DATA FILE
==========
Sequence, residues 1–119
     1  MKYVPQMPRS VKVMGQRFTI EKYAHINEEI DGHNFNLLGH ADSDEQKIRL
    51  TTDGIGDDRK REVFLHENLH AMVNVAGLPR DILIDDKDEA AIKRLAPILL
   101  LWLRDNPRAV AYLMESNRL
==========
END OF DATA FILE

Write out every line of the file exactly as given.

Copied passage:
Sequence, residues 1–119
     1  MKYVPQMPRS VKVMGQRFTI EKYAHINEEI DGHNFNLLGH ADSDEQKIRL
    51  TTDGIGDDRK REVFLHENLH AMVNVAGLPR DILIDDKDEA AIKRLAPILL
   101  LWLRDNPRAV AYLMESNRL